Tuesday, September 22, 2009


With much calmed, what I have to say is this: Thank the gods for Netflix Instant Viewing.

As my husband would say, I am not an early adopter (almost typed adapter - same difference). I resisted a cell phone, resisted Netflix, resisted watching movies on the computer, am still actively resisting Facebook (oh but the pictures! The connection with Snapfish and printing at Walgreens in Miami, where Eric's mom can finally keep up with her granddaughter's changing face...).

But after months of depression watching whatever the gods of mercy or torture put on late-night tv, I am now four seasons in to Law and Order: SUV. It is absorbing enough to take the edge off late-night feedings and early-morning pumpings. It's quality enough not to resent the minutes taken off my life watching it. It's gruesome enough that I remember to count my blessings instead of sheep.

There's the IT Crowd for family feedings and Word World for morning dressing time. There's movies and movies galore - so much that you never have to worry about running out of things to watch or re-watch.

And so, baby time is blissed-out media viewing time. Add a little reading during pumping before bed and suddenly, life's not so bad.

Now if only libraries delivered...

Monday, July 27, 2009

Hot, Calm Night

Realizing again how much the world is governed by entropy. Being a homeowner really keeps this foremost in one's thoughts. The carpet that was new upon moving in is ... dingy and spotted. The fans that were so cheery and industrial-cool last summer are dusty and in one case, broken. Baby swing? More of a baby statue memorializing fun. Toilet? Constantly moving from order to chaos. Clothes? One day from dirty.

I know I should be focusing on the joy in my life. All the blessings. A healthy, easy kid. A loving, kind, thoughtful husband. (But ... even though ... )

In the face of all that's right with my life, I'm starting to wonder if my tendency lately to dwell on dissatisfaction indicates a chemical imbalance from the roller coaster ride of pregnancy and nursing and a return to fertility, so mother nature tells me.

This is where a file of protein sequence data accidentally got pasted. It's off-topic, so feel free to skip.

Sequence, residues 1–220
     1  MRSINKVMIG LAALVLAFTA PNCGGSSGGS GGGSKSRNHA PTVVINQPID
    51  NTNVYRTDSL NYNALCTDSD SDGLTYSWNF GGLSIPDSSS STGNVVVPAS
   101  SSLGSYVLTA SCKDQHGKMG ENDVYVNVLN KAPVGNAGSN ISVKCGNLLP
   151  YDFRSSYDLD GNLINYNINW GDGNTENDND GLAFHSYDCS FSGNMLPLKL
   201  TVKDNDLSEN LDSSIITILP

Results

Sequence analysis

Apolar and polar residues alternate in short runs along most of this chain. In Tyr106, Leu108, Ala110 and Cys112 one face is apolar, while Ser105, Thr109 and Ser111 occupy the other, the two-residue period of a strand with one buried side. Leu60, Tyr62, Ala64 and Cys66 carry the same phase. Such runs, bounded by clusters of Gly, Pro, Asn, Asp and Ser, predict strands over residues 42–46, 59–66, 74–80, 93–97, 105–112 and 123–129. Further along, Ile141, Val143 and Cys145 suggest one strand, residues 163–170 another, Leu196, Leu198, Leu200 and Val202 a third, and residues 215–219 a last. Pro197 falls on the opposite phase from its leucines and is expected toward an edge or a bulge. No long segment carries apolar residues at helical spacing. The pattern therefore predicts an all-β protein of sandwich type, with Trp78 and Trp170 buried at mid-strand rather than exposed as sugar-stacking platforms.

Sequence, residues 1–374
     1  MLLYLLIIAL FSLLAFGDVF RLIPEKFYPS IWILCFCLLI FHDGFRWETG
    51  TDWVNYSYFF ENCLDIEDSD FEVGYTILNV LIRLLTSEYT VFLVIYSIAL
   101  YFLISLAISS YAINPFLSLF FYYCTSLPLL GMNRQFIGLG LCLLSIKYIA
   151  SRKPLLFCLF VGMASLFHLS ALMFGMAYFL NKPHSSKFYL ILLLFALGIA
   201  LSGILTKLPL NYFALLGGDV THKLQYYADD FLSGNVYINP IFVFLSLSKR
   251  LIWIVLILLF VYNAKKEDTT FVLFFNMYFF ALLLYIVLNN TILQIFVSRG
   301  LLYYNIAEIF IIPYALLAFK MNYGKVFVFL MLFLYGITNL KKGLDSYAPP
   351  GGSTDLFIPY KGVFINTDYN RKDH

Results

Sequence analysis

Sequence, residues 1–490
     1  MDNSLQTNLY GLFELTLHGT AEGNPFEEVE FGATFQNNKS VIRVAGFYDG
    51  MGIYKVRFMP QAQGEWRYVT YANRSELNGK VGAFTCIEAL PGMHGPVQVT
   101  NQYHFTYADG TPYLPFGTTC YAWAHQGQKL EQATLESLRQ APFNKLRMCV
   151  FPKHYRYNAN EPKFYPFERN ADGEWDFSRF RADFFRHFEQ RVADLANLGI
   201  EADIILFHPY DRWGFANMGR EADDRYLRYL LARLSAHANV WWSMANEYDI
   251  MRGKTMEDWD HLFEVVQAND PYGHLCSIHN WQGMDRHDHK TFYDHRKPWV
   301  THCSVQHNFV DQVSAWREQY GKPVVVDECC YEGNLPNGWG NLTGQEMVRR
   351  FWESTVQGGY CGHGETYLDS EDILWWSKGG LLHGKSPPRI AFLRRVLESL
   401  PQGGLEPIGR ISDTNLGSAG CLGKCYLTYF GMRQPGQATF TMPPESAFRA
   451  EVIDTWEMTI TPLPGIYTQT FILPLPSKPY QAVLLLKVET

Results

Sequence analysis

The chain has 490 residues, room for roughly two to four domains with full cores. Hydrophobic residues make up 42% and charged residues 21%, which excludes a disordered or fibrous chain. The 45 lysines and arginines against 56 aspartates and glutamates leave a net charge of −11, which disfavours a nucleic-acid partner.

I've got an acupuncture appointment tomorrow, and I've been talking to the practitioner in my head for the last few days. He diagnoses that I have much imbalance, many little cancers of the mind, but, he says reassuringly, "We will fix."

So I try to do what I can to move toward health. Clean the kitchen. Clean the bathroom. Fill the water pitcher in the fridge. Sit outside with the Christmas lights on. Light a candle. Turn the fan to blow over my set jaw. Write.

As my boy Eliot whispers in my ear, "Anything is better than nothing." (But he still killed himself, my dissatisfied self complains.)

I spent half a day and some hours this weekend putting together a list of poems that other people list as their favorites (Love Amazon.com!) and saving them to my poetry file. I invited two of my poetry-loving friends to have an evening of poems. I will come well-stocked!

I wonder how much I'm not learning about myself by not keeping up better with the friends of my heart. Mordechai just jumped in my lap to remind me that I'm not learning from my pets, either. He's got a lot to teach me about going where others can take care of you, where you can love unconditionally, no matter how many times you get thrown across the room (yikes!) or ignored.

And so, time to pump, read a bit of Wonder Boys, maybe a B.H. Fairchild poem or two. And sleep for a few hours until it's time to wake and pump and watch bad late-night t.v.